Sen. Robert Menendez (D-N.J.) stressed at a hearing this morning on Cuba policy that “nothing has changed” with the communist regime despite the Obama administration’s incentives.
As Assistant Secretary of State for Western Hemisphere Affairs Roberta S. Jacobson heads to Cuba tomorrow to reopen negotiations on the policy changes announced in December, Menendez has “deep concerns that the more these talks progress, the more the administration continues to entertain unilateral concessions without – in return – getting agreement on fundamental issues that are in our national interest.”
“I have not seen any movement toward greater freedom for the Cuban people,” he said at the Senate Foreign Relations Committee. “I have not seen movement toward greater tolerance, democracy, or the rule of law. Human rights abuses continue unabated with more than 1,600 cases of arbitrary political rests this year. And, today, only days before the administration’s recommendation to remove Cuba from the list of State Sponsors of Terrorism goes into effect, known terrorists continue to enjoy safe haven in Cuba. Joanne Chesimard, on the FBI’s most wanted terrorist list for murdering New Jersey State Trooper, Werner Foerster, and Charles Hill, wanted for killing a New Mexico State trooper and hijacking a U.S. civilian plane – are both living in Cuba, protected by the regime.”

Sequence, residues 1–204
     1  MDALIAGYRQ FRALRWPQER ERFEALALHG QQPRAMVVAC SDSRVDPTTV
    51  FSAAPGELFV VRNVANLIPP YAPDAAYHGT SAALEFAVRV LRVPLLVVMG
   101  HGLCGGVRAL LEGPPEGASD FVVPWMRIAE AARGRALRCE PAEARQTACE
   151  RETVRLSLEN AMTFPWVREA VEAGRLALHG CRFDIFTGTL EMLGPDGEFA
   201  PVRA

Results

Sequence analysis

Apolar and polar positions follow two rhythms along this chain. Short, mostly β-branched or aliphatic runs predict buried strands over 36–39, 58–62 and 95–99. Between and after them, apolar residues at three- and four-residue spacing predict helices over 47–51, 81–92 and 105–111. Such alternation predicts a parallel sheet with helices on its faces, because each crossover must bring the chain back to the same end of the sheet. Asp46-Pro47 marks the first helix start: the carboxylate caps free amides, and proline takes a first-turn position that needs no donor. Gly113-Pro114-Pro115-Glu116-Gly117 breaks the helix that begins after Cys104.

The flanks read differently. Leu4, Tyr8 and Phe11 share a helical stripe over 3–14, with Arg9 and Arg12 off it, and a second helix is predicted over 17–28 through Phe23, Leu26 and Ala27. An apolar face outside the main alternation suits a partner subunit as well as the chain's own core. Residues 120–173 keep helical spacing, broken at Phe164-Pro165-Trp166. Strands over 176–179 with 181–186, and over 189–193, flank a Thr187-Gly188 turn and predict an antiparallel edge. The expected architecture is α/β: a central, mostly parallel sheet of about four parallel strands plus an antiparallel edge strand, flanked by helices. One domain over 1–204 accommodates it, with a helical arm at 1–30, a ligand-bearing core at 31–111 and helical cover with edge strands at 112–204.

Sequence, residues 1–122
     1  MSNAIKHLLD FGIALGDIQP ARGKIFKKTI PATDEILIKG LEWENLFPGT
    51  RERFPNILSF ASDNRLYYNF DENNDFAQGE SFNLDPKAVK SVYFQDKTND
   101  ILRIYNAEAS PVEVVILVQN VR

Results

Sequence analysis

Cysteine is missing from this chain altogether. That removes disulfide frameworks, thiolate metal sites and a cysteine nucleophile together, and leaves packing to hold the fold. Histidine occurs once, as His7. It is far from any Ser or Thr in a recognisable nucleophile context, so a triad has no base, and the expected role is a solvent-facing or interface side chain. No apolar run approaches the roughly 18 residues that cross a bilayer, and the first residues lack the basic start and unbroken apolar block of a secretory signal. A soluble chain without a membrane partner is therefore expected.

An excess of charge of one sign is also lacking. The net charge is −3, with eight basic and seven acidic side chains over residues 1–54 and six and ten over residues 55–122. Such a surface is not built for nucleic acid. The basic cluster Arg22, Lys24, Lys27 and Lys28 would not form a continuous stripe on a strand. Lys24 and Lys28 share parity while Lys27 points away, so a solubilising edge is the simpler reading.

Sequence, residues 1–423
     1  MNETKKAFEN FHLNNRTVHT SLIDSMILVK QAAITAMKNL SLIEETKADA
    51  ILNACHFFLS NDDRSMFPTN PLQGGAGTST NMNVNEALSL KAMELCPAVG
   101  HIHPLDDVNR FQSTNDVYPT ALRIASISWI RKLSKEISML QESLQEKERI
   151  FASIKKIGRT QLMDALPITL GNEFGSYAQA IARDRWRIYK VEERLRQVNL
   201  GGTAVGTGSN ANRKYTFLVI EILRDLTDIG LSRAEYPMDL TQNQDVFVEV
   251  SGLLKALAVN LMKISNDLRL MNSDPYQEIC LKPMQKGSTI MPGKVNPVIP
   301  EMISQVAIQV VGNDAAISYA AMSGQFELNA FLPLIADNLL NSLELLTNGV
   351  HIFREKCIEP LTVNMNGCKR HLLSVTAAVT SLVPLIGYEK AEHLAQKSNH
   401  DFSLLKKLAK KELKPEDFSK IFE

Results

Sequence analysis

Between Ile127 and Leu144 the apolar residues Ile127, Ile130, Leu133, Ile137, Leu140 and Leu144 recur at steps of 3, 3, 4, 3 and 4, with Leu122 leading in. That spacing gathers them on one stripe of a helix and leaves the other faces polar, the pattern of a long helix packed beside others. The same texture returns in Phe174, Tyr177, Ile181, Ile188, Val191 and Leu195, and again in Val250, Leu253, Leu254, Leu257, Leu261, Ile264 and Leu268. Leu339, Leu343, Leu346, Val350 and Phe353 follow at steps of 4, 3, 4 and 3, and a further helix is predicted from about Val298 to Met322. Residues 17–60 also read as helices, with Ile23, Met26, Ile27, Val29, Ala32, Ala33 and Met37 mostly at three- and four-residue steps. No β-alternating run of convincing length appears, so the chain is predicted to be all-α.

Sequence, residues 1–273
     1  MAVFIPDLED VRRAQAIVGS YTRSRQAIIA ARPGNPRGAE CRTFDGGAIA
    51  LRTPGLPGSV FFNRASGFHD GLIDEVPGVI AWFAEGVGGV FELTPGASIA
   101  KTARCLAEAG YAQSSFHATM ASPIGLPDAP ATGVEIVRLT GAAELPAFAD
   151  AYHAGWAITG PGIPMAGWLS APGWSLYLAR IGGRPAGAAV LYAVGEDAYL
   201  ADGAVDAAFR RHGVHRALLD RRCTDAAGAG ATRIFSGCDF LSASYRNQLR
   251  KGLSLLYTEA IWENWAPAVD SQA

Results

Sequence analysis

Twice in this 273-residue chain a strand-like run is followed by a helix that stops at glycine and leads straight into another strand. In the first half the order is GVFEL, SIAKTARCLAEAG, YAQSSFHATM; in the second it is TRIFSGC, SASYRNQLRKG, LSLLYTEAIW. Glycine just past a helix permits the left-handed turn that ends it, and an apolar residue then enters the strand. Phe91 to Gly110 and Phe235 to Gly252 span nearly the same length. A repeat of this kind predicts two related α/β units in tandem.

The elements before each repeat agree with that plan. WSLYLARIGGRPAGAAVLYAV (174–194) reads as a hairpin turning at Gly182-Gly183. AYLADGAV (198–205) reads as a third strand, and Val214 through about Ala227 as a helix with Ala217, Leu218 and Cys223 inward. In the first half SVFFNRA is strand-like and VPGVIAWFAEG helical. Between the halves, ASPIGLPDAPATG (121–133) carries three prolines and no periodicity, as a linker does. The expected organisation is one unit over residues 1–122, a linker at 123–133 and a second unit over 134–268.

“Negotiations aside, hopes aside,” the senator added, “this administration’s desire to move Cuba from the State Sponsor of Terrorism list aside – Cuba’s actions have not changed. Nothing has changed. The real change will come when the Cuban people are finally free.”
Ranking Member Ben Cardin (D-Md.) said he still supports the Obama administration’s Cuba policy because “despite differences we may have with a government, our foreign policy should always endeavor to support that country’s people to the greatest degree possible.”
“Our disagreements with the Cuban government are well known and many,” Cardin said. “But, over time, we have allowed those disagreements to get in the way of developing a strategy that utilizes all of our resources to empower the people of Cuba.”
“Every policy initiative will inevitably come into contact with the reality that the Cuban state and, most importantly, the Cuban state’s relationship with its own citizens, have not yet changed,” committee chairman Bob Corker (R-Tenn.) said. “In truth, we will have to define what a normal relationship with Cuba looks like bilaterally, but also in the context of our relationship with the Americas more broadly.”